As apparent as some of these influences may be, expect others to crop up in unexpected ways. Peele has cited Jaws (1975) as an influence on Get Out, and while Spielberg’s film seems like a far cry from anything happening in Peele’s film, the filmmaker said that the shark taught him that what is unseen is often more frightening than what is. Kenneth Branagh’s Dead Again may seem like a left-field choice, but its story of a woman with missing memories may play significantly on Us’ central mystery and apparent flashback scenes. Similarly, Tomas Alfredson’s Swedish vampire film Let the Right One In may have less of a conceptual influence and more of an aesthetic one. Peele has given us puzzle pieces, but it’s unlikely they’ll come together in quite the way we expect when the film is released. But simply watching these films and considering their unique impacts, as well as what they had to say about us as a society during the time they were released, is rewarding in a way that highlights the scavenger hunt component of modern horror filmmaking and fandom.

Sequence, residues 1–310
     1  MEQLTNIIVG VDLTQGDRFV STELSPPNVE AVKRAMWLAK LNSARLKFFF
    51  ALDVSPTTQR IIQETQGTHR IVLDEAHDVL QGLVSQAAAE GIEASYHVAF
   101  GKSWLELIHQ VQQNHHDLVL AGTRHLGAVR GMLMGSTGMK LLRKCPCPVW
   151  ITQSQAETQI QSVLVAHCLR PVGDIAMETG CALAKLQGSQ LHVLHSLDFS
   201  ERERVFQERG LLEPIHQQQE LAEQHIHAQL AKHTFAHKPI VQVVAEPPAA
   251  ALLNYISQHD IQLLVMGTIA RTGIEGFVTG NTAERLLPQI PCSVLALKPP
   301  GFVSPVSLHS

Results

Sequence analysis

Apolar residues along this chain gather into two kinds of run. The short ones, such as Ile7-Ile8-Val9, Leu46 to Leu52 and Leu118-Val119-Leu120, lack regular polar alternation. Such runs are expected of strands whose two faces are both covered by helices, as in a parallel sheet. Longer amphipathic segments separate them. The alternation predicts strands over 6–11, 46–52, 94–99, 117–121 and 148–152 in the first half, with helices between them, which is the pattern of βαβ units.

What’s interesting about Peele’s list of films is that it doesn’t include movies that could be strictly defined as doppelganger films. Though just because they aren’t mentioned doesn’t mean that they won’t have an impact, either by way of Peele’s intentions or audience interpretation. The first doppelganger story that comes to mind after viewing the Us trailer several times isn’t a movie, but Edgar Allan Poe’s short story “William Wilson” in which a man’s antagonistic relationship with his double that began during his childhood results in madness and eventual death by suicide. It’s worth noting that the surname of family at the center of Us is Wilson, which is undoubtedly a reference to Poe. On the film side of things, The Man with My Face (1951), The Double Life of Veronique (1991), The Double (2013) and Enemy (2013) all dealt with doppelgangers across various genres, though none to the degree of horror it seems Peele is going for. Perhaps the most notable modern use of a doppelganger in contemporary horror is the Australian film Lake Mungo (2008), which plays with the urban legend, to startling effect, that a doppelganger is a precursor of death.
While images of doubles have been intermittently utilized in horror movies from body snatchers to specters, there’s a visceral quality to which Peele seems to be tackling the subject matter in Us. Like Poe’s William Wilson, the Wilson family in Us seem to be battling against living and breathing versions of themselves with what will surely be ruinous results. Horror is so often founded on the duality of man, but we’re expecting Peele to throw more than a few curveballs that will undoubtedly make a major statement about who we are as people in 2019.